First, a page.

This study also confirmed and extended the findings of several previous studies, to show that online sociability does increase overall sociability, and that face-to-face interaction is still seen as the ultimate form of socialisation, although technological substitutes, such as webcam, mean that physical meetings are not necessary, as had been suggested by previous literature. As future research builds on the findings of this study and its suggestions for further research, online sociability for seniors will improve substantially.Information and communication technologies are seen by many researchers across the world as a significant contributor in enabling seniors to live healthy, independent lives, and to remain out of institutional care for longer. For seniors to make more use of technologies, online and other, those technologies must be designed with them in mind. Yet, while human-computer interaction researchers have investigated how user values can help improve technology design, few such investigations have explored systems for seniors, or researched their online communities.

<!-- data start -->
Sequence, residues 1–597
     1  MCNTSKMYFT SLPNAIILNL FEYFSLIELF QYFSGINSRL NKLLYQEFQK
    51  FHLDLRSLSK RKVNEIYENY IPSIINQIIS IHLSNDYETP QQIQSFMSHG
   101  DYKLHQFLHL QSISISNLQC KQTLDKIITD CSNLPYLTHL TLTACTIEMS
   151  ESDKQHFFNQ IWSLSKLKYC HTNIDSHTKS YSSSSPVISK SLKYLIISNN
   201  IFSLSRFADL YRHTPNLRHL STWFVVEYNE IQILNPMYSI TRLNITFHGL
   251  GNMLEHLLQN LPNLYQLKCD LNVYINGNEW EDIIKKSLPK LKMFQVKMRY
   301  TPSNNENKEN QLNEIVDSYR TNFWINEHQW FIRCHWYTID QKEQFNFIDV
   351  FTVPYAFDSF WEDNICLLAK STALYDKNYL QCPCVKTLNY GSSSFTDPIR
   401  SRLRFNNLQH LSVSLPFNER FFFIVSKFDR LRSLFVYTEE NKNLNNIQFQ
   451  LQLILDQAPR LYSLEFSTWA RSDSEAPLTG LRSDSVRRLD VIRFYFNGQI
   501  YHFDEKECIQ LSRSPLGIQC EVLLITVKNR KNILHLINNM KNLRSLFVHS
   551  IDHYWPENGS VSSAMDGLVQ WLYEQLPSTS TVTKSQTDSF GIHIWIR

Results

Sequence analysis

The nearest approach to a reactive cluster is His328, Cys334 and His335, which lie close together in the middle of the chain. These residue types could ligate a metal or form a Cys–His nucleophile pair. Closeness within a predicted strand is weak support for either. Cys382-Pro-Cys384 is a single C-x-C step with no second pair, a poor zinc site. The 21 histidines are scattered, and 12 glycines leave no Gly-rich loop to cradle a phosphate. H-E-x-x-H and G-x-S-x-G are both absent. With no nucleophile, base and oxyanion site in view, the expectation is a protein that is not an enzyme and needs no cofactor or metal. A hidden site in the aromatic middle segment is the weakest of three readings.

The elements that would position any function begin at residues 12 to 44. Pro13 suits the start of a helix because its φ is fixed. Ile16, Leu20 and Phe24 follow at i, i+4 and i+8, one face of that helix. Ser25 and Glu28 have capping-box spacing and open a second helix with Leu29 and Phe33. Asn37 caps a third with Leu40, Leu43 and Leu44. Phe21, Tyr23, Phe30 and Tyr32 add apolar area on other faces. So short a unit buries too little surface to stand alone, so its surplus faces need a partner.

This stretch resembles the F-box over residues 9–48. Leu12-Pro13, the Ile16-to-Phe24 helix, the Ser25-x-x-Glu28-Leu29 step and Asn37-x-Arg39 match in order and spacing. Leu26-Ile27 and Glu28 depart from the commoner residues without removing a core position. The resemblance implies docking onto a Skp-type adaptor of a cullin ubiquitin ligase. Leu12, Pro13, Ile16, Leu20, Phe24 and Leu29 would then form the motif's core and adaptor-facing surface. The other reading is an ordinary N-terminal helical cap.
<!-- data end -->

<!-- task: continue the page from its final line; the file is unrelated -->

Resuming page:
Original languageEnglish
QualificationDoctor of Philosophy
Awarding Institution
  • Charles Sturt University
  • Williamson, Kirsty, Principal Supervisor
  • Weckert, John, Co-Supervisor
  • Mills, John, Co-Supervisor
Award date19 Jul 2010
Place of PublicationAustralia
Publication statusPublished - 2011


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